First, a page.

At the core of the $2 trillion package is a paradox: infrastructure projects are designed to make the United States more competitive, but they will be paired with corporate tax increases that will do just the opposite. While rebuilding roads, bridges, and other infrastructure is a laudable goal, funding it with taxes that suppress private investment and damage our global competitiveness undermines that goal.
Additionally, we found that the proposed corporate tax increase would reduce after-tax incomes for workers across all income levels; for example, by nearly 1.5% for the bottom 20% of earners. Raising the corporate rate would also reduce long-run economic output by 0.8%, eliminate 159,000 jobs and reduce wages by 0.7%.
Changing corporate tax law so drastically in the middle of a pandemic and less than four years after the last major tax overhaul is not wise. Fine-tuning policies over time is common, but these changes will cause more uncertainty and headaches for businesses looking to grow as the economy rebounds, creating more jobs for accountants rather than the jobs we need to rebuild. Changing the already-complex international rules and creating a new tax on corporate book income would complicate the tax code and create a headwind for additional corporate investment.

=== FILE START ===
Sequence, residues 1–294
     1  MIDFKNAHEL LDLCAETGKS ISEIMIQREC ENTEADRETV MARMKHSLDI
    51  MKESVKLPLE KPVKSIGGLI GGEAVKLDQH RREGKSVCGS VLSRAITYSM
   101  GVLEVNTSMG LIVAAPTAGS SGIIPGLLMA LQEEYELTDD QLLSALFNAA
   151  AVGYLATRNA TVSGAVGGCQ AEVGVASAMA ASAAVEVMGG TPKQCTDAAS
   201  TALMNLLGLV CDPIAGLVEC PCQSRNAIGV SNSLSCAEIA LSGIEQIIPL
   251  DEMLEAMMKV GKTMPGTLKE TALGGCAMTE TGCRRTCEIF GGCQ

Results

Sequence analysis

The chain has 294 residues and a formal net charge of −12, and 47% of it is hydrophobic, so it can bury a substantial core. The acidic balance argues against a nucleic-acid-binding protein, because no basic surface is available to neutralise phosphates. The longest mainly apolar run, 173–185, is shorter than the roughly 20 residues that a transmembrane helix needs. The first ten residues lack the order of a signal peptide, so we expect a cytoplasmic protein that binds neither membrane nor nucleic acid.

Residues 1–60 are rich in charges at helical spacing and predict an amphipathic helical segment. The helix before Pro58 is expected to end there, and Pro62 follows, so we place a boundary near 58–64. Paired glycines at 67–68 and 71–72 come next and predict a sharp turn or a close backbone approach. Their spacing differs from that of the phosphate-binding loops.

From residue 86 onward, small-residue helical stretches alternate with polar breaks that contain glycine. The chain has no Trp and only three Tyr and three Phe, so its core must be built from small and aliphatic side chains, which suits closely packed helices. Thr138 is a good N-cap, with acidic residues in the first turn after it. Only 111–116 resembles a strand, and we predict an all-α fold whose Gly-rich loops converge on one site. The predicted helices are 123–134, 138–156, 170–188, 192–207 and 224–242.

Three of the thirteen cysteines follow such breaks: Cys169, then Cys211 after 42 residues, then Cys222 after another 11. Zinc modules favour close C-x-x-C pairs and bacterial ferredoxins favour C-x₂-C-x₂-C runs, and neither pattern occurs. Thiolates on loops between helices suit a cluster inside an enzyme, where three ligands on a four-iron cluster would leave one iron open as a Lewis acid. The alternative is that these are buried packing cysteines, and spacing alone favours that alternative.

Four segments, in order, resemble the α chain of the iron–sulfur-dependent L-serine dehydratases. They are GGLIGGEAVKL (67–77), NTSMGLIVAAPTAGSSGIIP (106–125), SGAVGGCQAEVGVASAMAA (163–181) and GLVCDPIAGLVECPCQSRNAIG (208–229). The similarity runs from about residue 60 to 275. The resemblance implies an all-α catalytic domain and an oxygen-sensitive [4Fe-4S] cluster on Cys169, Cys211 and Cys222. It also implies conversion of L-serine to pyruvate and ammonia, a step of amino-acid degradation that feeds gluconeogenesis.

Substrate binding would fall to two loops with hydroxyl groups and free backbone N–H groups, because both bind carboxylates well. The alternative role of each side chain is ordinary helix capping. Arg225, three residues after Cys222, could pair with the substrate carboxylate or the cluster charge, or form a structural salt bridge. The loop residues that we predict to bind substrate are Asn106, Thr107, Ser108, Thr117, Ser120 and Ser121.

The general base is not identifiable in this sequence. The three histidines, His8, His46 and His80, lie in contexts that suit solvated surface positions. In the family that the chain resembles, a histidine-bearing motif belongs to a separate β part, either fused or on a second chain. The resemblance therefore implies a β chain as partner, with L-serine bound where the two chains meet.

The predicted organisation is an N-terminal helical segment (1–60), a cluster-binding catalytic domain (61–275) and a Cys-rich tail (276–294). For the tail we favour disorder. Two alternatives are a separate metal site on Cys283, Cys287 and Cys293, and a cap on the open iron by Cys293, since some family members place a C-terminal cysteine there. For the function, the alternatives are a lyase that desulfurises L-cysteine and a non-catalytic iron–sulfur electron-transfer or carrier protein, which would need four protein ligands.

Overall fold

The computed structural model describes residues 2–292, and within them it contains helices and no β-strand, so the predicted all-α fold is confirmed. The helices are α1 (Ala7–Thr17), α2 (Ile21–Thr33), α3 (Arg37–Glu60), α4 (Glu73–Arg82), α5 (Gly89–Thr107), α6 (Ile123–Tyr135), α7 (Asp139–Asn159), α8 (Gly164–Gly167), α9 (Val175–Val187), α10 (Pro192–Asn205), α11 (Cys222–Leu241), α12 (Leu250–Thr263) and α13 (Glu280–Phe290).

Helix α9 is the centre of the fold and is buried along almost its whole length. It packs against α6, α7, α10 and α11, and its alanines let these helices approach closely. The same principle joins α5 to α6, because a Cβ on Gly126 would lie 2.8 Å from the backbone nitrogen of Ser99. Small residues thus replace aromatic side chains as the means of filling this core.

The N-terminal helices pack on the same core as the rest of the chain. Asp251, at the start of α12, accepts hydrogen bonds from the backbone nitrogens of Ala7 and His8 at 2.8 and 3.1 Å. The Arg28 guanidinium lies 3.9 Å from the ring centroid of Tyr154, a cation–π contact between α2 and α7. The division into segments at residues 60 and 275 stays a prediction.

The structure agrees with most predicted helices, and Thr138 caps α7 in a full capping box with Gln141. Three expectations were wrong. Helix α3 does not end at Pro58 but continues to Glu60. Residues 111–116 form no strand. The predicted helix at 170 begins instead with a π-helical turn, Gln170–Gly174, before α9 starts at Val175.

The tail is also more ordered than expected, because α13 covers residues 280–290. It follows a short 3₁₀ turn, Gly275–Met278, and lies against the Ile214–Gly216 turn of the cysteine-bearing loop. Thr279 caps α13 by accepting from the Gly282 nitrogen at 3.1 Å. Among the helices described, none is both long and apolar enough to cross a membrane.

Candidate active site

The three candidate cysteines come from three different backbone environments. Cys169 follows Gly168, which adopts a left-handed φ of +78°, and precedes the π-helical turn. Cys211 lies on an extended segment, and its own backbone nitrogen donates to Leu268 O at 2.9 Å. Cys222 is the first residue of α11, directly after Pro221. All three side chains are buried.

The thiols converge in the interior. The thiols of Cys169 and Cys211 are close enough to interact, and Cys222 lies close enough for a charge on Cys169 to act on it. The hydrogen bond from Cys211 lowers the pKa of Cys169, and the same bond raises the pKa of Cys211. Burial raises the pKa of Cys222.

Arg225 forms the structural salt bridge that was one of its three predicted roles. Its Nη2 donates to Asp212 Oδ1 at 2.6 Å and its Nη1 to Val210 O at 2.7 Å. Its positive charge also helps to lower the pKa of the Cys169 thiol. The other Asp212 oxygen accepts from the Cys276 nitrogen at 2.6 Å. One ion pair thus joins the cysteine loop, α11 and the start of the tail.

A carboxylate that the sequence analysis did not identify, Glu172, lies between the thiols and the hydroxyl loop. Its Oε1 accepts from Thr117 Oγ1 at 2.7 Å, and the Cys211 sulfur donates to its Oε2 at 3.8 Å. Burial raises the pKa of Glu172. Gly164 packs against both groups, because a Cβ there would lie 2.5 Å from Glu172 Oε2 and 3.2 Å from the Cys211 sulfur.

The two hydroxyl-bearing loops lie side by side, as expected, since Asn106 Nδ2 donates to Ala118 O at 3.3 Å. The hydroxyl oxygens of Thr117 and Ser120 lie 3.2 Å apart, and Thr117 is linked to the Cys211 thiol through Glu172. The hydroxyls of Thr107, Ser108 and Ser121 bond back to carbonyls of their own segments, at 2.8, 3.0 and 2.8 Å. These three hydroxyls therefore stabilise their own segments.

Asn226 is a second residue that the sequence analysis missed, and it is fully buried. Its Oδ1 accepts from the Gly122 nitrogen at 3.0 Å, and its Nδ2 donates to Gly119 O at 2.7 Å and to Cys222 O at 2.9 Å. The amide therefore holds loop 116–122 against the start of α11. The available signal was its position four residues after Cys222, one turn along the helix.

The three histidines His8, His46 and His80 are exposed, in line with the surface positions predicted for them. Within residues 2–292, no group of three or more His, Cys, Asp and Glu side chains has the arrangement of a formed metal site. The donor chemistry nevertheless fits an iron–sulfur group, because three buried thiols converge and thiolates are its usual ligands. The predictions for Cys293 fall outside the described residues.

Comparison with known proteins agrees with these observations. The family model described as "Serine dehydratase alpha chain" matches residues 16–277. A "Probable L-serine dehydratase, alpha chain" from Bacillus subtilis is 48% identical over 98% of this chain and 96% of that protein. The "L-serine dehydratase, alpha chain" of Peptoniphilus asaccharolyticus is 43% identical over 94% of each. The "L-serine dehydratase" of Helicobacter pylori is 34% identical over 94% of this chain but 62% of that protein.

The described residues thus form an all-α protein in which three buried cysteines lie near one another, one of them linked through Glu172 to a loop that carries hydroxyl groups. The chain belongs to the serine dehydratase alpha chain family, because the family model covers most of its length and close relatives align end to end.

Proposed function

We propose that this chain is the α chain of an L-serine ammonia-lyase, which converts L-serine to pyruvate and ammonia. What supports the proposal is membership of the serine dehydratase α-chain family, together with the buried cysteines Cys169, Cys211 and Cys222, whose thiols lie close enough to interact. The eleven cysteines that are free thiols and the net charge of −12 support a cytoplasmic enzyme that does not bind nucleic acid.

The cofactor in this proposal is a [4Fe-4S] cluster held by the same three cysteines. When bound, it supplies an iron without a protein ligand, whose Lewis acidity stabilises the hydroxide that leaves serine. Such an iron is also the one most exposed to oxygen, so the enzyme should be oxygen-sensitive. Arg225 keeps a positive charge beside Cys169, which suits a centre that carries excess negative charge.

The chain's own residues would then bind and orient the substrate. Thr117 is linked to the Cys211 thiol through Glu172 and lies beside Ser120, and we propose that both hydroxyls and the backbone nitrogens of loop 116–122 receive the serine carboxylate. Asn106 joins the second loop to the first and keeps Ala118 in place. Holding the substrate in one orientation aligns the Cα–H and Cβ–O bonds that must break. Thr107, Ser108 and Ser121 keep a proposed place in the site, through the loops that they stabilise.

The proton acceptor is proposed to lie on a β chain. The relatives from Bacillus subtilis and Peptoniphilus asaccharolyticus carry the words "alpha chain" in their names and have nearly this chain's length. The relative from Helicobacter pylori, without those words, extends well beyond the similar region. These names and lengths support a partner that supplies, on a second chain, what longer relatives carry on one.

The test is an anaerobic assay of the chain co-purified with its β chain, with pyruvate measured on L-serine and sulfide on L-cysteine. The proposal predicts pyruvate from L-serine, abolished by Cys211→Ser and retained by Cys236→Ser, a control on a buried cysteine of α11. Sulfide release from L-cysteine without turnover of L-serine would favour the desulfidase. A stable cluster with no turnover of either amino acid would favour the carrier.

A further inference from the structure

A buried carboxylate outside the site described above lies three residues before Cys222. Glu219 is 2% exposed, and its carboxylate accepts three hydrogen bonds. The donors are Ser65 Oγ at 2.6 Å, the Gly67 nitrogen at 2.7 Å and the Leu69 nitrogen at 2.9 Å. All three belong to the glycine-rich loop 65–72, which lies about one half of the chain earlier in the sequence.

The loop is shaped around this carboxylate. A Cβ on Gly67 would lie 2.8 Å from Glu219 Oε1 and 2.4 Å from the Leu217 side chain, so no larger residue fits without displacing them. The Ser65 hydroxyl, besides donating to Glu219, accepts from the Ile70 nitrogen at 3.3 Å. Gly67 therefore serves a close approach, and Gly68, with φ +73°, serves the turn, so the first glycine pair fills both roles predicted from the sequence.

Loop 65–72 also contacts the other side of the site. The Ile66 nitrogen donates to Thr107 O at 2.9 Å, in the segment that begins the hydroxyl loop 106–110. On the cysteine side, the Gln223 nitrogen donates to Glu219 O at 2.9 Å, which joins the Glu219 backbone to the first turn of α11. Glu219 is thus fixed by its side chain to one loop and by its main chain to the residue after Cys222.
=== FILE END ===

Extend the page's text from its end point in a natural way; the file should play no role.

To fund a large-scale infrastructure package with minimal harm to the economy, policymakers should pursue sources of revenue that are focused on the root of the problem: fixing our infrastructure. Policymakers should consider some potential options that, while not politically popular, just make sense.
Having the Americans who use the roads pay for the roads is a good place to start. Increasing the gas tax is one way to do this, but cars are changing from being fossil fuel-dependent to energy efficient. Rather than using taxes motor fuel as a proxy for road use, implementing a tax directly on vehicle-miles traveled may be an even better solution that reflects the changing economics of the auto industry. Consumers want cars that are fuel efficient, and communities want reliable roads and bridges. Adopting a vehicle-miles traveled tax captures the lost revenue from gas taxes and would connect the financing of infrastructure to its users. The Biden administration could also consider broader taxes on consumption, such as a carbon tax, to help fund the proposed spending and meet climate and green energy goals.
As President Biden moves forward with his infrastructure plan, he should avoid taxes that make it harder to make things in America.